Carpe diem is Latin for, “Seize the day.” It’s defined as, “To make the most of the present time and give little thought to the future.” I can’t think of a better way to describe how my son and I were able to attend the historic Super Bowl LI together.

A few weeks back, I was given the opportunity to attend the Super Bowl for the first time. My instinct was to stay at home and avoid the chaos, but the historical implications of the game got the better of me. My oldest son, whose bedroom is a shrine to Tom Brady, also gave me a lot of subtle (and not-so-subtle) hints of how much he wanted to go with me. He had actually prominently featured a picture of Tom Brady holding the championship trophy on his vision board, which each family member created for themselves New Year’s Day.

In the weeks leading up to the game, he had numerous dreams about the Super Bowl. He’d share them with me in the morning and most of them included him being at the game. Something in the back of my mind told me that this was an experience we should have together, so I started looking around for a ticket for him. No luck. Then, a few days before the game, a ticket became available. However, when I went to check for flights, they were all sold out.

As I said my goodbye to him on my way to the airport Saturday morning, I gave him a hug and told him that I was sorry it didn’t work out and that perhaps it just wasn’t meant to be (something an 11-year-old really doesn’t want to hear).
As I sat in the airport waiting for my flight, something prompted me to check the Delta app one last time for our return flight (which was sold out early in the week). Suddenly, a low-level award ticket was available –the last seat on the plane. I called Delta and they said I could take it and have 24 hours to cancel.

I then searched for Sunday morning flights and there was only one direct flight that arrived before the game. Incredibly, the same 24-hour rule applied, so I quickly purchased both tickets and called my wife to tell her the news, although I still didn’t have a game ticket for him. When I spoke with my son I said, “Bud, it’s a longshot. I can get you to Houston, but we still need to get you a game ticket. And, you’ll need to fly by yourself tomorrow morning on a four-hour flight.” This was something he had not done before.  Without hesitation, he said he would do it. His mom, however, was not so sure.

Understandably, she was not thrilled that I had blown up everyone’s plans for the weekend and she would have to get him to the airport by 6:45 AM, wait for him to take off and find someone to watch our other kids. It was a lot to ask.

In the meantime, on my flight to Houston, I contacted everyone I knew in my EO Network and, to my surprise, could secure him a very reasonable ticket to the game. Everything was falling in to place. However, as I sat in the Houston airport ready to make the final call to purchase his game ticket, I thought to myself, “This is nuts. He’s 11 and this is totally unnecessary. Heck, I am 41 and this is my first Super Bowl. We should wait, there will be other opportunities.” Honestly, I was seconds from calling the whole thing off.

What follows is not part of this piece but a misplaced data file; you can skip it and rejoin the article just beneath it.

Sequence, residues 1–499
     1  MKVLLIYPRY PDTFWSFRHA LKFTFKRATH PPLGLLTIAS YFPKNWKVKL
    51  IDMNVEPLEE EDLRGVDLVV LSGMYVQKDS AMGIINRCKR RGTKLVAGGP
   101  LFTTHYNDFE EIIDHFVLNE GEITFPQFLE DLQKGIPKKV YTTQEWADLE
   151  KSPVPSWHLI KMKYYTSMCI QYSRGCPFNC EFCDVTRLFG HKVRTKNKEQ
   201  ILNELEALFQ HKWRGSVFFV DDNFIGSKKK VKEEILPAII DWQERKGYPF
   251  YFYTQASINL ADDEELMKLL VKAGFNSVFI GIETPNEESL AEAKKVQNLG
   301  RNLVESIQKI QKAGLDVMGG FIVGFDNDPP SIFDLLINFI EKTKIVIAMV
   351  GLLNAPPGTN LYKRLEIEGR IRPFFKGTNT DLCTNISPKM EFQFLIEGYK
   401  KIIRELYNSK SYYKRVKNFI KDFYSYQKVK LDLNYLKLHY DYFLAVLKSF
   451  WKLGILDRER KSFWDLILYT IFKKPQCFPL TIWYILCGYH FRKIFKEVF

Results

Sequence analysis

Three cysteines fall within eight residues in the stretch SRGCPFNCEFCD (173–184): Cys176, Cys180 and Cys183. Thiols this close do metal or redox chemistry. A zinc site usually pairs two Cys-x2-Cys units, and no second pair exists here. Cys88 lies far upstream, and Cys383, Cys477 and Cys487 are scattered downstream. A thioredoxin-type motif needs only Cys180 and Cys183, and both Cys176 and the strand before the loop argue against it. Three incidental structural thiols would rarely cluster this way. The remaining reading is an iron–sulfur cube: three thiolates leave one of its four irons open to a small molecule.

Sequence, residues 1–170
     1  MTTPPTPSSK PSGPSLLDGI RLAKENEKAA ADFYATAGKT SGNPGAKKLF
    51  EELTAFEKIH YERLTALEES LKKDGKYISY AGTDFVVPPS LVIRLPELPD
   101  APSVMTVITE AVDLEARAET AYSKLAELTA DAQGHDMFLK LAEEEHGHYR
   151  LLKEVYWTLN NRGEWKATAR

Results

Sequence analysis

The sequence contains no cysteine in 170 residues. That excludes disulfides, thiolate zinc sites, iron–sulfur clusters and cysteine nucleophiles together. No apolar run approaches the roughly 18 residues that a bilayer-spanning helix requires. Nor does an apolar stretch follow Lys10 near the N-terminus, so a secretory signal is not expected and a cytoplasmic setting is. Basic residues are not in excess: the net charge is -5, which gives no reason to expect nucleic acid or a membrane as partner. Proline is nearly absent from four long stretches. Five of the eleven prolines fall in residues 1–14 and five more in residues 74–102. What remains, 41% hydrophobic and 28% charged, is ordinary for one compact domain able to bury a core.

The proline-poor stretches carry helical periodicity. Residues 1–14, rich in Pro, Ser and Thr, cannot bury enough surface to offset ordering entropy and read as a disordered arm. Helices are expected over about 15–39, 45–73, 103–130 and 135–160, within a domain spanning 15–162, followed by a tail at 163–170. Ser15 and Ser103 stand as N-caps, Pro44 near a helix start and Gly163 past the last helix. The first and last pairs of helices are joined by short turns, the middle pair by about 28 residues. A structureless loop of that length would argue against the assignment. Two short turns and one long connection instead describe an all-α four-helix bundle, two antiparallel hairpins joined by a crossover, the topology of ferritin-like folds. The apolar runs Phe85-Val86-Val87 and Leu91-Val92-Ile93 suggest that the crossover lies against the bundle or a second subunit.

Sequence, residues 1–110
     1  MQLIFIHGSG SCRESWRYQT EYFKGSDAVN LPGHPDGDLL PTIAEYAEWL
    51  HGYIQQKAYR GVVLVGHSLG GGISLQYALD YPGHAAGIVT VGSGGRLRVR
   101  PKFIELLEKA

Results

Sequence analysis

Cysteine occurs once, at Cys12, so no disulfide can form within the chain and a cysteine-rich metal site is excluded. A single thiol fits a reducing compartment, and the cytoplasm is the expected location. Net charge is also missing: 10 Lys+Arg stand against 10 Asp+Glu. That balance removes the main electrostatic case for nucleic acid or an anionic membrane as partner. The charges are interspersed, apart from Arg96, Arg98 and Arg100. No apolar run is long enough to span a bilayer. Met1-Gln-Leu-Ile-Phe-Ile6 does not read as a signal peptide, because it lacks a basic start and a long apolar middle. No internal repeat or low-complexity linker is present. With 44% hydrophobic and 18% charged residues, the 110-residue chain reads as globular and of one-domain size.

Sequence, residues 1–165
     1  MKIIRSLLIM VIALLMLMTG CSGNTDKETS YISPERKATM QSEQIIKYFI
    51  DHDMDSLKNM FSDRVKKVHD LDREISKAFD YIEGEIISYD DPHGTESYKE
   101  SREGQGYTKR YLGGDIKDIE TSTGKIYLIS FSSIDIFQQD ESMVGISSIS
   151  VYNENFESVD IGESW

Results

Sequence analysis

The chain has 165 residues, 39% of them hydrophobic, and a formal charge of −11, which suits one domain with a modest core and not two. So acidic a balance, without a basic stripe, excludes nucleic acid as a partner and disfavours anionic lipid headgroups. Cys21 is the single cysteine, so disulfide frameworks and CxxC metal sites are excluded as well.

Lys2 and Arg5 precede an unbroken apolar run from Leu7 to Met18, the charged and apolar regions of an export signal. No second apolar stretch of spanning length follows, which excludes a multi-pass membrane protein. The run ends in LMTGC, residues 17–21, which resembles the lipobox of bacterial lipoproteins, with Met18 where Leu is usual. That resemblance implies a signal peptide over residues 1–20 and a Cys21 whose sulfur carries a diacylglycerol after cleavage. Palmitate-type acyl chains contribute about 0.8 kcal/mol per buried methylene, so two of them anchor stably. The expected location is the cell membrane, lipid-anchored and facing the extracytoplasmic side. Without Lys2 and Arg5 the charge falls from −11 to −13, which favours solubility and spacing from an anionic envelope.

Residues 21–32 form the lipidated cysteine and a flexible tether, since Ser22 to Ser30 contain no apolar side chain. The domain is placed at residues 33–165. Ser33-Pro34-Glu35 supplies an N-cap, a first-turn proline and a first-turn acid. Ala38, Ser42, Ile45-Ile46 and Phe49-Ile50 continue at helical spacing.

Suddenly, I thought back to a Friday Forward, I had written just a few months back about regret. The quote I chose to include at the end was, “We only regret the chances we didn’t take.” If I threw in the towel now, I’d be a hypocrite. So, I called my wife and said, “I am sorry for the work this puts on you, but let’s do it, I just have a feeling about this.”

Unless you are reading this from Mars, you know the end of the story. My son and I, along with his grandfather, got to witness the greatest Super Bowl game and comeback in history. What’s more is that we had an experience that none of us will forget. One day, I hope to tell my grandkids about being at the game with their dad where we saw the Edelman “ankle catch” and where Tom Brady and Bill Belichick broke the NFL records.  And if that wasn’t enough, we even made the evening news as we got off the plane in Boston.

I can tell you with absolute certainty that, had the Patriots lost the game, I would have had no regrets. It would have stung, but the experience itself would have been worth the trip. We actually talked about that as the game headed into the fourth quarter. But had I known I had the opportunity and decided to pass on it, that certainly would have haunted me for years. Regret, really, is rarely about what we do. It’s about what we don’t, should have or didn’t do.

In my eyes, the real hero in this story is a very determined 11-year-old who had a vision and was committed to seeing it through. Then, when presented with the opportunity of a lifetime, he got over any fears he must have had, got on that plane and seized the day. That’s a valuable lesson for all of us.


Quote of the Week

“At the end of the day, let there be no excuses, no explanations, no regrets.”

Steve Maraboli